Latin/3rd Declension Lesson 2

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Salvēte omnēs!

Here we go with a second lesson exploring the 3rd declension of Latin nouns. For a guide to previous lessons and a classified vocabulary list, be sure to check out the links on the right.

New Grammar[edit]

Last lesson we looked at the basic grammatical divisions of 3rd declension nouns and some of the rules/guidelines for sorting them out; and we studied the nominative and accusative cases for these nouns. I highly recommend a lot of review for 3rd declension nouns since there are so many irregularities, so you may want to check over that lesson one more time, linked above.

This week’s lesson will focus on the ablative case. As we’ve seen before with the 1st and second declensions, the ablative case is used to express the object of certain prepositions. But it also is used for so many more functions, and we're going to introduce one additional use today: the ablative of means. Compare the following sentences:

Mīlitēs cum hominibus pugnant. = The soldiers fight with the men.

cum hominibus is a prepositional phrase, with hominibus being the abl. pl object of the prep. “With the men” means in the same physical space as the men, but the men are not being picked up and used as weapons or instruments. Cum is the required preposition for ablative of accompaniment.

Mīlitēs gladiīs pugnant. = The soldiers fight with the swords/by means of swords.

This is an example of the ablative of means. Here gladius is also in the ablative plural and in English is expressed as a prepositional phrase; however in Latin no preposition is needed to show the non-living means or instrument; the ablative case alone does this.

Cum virtūte pugnat. = He fights with courage/in a courageous manner.

This is an example of the ablative of manner. Unlike the ablative of means which always uses concrete nouns/things, the ablative of manner always uses abstract/intangible nouns. To make things extra confusing, we have to use cum with this ablative use UNLESS there is a modifying adjective, in which case it’s optional. I’ll include a few of these but there will be a need for much more extensive ablative lessons later on.

Now, just to keep things interesting, we will also introduce a few new prepositions; and these are prepositions that take an accusative object. (We could have introduced them last lesson but there was already so much content to include.) Most Latin prepositions take either accusative or ablative case, and it’s best to memorize which one when you study vocab. in is a special preposition because it can use either case as object, with a change of meaning.

Ablative singular ending for the 3rd declension is -e; ablative plural is -ibus. We’ll also be mixing in a few ablatives from previous declensions to keep those in practice.

case name sing. pl. typical use
nominative (m./f.) --- -ēs subject or predicate noun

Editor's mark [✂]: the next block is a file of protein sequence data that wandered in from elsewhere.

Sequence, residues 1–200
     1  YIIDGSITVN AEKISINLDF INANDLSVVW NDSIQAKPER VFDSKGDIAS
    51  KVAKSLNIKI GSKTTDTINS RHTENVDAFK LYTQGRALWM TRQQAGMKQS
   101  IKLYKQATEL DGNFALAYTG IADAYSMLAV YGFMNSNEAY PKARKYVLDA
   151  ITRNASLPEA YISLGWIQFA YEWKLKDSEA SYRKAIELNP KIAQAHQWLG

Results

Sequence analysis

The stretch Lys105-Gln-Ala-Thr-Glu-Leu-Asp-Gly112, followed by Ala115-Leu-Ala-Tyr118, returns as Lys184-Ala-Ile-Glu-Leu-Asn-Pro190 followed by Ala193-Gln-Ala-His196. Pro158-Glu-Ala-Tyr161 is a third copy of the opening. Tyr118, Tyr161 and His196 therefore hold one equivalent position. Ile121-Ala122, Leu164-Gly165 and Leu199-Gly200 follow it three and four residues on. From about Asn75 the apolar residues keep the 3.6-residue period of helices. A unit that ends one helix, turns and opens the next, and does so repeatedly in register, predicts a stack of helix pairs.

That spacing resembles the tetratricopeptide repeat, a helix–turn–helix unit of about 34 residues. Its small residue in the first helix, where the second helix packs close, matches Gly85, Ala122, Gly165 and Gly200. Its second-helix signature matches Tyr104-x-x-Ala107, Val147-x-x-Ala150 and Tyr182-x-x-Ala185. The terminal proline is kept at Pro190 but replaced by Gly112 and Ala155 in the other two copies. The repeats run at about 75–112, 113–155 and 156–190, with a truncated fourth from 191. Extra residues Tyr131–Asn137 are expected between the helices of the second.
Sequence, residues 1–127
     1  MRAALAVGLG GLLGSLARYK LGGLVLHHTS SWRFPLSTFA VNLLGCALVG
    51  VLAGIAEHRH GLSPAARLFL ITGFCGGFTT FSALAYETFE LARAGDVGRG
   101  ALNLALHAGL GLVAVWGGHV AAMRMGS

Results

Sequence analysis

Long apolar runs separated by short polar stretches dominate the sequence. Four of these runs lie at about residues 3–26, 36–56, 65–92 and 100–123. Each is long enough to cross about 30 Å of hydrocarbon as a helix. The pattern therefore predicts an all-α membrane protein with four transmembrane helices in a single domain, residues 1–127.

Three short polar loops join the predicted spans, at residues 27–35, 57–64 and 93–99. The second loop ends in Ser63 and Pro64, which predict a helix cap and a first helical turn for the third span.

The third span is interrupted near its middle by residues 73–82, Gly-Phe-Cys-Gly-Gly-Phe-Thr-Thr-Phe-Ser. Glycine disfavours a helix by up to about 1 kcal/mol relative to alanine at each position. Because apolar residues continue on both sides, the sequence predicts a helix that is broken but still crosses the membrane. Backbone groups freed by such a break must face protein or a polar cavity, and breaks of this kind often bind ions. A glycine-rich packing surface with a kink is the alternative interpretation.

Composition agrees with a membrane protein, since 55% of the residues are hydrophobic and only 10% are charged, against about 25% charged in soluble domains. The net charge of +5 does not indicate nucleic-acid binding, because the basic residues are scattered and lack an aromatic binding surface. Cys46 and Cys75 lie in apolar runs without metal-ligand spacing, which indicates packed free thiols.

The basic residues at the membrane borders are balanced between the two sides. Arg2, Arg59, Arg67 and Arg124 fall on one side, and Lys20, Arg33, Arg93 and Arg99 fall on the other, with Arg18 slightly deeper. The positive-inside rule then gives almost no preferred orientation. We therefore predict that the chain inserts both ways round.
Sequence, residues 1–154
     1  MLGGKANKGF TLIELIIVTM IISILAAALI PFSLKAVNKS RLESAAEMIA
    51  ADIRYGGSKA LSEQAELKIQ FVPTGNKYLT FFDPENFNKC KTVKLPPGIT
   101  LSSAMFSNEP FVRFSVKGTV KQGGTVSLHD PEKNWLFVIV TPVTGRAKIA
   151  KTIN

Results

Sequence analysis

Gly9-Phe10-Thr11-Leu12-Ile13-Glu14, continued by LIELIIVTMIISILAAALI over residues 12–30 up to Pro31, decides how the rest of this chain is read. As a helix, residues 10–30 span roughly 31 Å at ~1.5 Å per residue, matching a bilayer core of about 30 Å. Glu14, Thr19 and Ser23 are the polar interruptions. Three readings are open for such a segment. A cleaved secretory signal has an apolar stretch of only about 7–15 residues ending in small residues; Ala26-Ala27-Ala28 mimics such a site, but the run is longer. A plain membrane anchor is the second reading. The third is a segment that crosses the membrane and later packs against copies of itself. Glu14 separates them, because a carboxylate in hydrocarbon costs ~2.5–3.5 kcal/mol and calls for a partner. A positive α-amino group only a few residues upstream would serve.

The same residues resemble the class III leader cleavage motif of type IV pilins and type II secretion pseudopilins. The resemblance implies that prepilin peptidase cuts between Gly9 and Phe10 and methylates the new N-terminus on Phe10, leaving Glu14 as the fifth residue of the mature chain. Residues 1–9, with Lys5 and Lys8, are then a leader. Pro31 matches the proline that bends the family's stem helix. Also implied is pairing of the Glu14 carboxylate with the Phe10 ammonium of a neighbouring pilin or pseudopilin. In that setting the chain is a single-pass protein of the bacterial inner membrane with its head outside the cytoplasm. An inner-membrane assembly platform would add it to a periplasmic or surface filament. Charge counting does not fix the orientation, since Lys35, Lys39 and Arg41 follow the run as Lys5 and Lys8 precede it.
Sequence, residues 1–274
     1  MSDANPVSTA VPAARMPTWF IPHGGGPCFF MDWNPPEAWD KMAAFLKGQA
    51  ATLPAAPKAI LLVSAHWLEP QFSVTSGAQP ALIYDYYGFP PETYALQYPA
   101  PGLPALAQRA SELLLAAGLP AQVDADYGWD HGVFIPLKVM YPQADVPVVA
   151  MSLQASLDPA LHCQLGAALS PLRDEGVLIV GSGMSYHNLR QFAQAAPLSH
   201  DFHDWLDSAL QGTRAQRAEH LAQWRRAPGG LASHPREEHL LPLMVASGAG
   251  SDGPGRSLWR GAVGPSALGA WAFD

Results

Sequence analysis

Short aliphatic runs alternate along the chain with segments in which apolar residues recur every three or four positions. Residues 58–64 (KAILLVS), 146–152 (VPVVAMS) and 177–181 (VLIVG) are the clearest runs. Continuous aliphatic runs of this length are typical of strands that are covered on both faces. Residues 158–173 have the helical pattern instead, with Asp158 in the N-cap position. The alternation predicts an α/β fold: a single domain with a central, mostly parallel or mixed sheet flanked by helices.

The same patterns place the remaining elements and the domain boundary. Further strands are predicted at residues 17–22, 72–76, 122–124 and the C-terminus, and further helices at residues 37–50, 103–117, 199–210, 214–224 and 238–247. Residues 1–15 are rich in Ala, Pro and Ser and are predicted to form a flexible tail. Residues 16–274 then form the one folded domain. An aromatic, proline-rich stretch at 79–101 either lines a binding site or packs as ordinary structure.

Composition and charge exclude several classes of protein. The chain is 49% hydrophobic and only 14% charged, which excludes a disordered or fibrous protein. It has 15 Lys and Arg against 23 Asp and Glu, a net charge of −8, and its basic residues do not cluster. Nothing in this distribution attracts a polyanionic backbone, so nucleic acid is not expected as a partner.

nominative (n.) --- -(i)a
genitive -is -(i)um possession, the “of” case
dative -ibus indirect object, the “to/for” case
accusative (m.) -em -ēs direct object (also some objects of preps.)
accusative (n.) --- -(i)a
ablative -e -ibus objects of prepositions, etc. “by/with/from” case

New Vocabulary[edit]

Latin English Audio (Classical)
caput, capitis (n.) head
corpus, corporis (n.) body
iter, itineris (n.) journey, route, march
labor, labōris, (m.) work, effort, toil
pēs, pedis (m.) foot
proelium, i (n.) (2) battle
tēlevīsiō, tēlevīsiōnis television
timor, timōris (m.) fear
virtūs, virtūtis (f.) courage, virtue, manliness
in (prep. w. acc.) into, onto, against
in (prep. w. abl.) in, on
post (prep. w. acc.) after, behind
propter (prep. w. acc.) on account of, because of
pugnō, 1 (intr.) fight

New Sentences[edit]

Latin English Notes
Gāius vulnus in pede habet. Gaius has a wound in the foot.
Mīlitēs post proelium multa vulnera habent. The soldiers have many wounds after the battle.
Frāter tuus vulnus in capite habet. Your brother has a wound in his head.
Lūcia et Paula vulnera in pedibus habent. Lucia and Paula have wounds in their feet.
Pedēs meī magnī sunt. My feet are big.
Mīles gladiō pugnat. The soldier fights with a sword.
Mīles cum nautā pugnat. The soldier fights with the sailor.
Mīlitēs magnā cum virtūte pugnant./ Milites magnā virtute pugnant. The soldiers fight with great courage. ablative of manner, cum is optional
Mārcus propter timōrem nōn pugnat. Marcus does not fight because of fear.
In flūmine est. He is in the river. With ablative, in shows position without reference to motion.
In flūmen ambulat. He walks into the river. With accusative, in shows motion toward something.
Caput sine corpore in tēlevīsiōne videō. I see a head without a body on television.
Mīlitēs longō itinere in Galliam ambulant. The soldiers walk by the long route into Gaul.
Iter est longum. The journey is long.
Mīlitēs in Galliam magnīs itineribus ambulant. The soldiers walk into Gaul by means of great journeys/ forced marches. Idiomatic in classical Latin, especially Caesar.
Post hoc, ergō propter hoc. After this, therefore because of this famous logical fallacy

Practice[edit]

Practice and learn the words and phrases in this lesson
Step one First learn the words using this lesson:
Step two Next try learning and writing the sentencing using this:
Note that the Memrise stage covers the content for all lessons in each stage.
If you are skipping previous stages you may need to manually "ignore" the words in previous levels (use the 'select all' function)

Thank you for following along with these lessons. We hope they are helpful.

Habēte bonam fortūnam!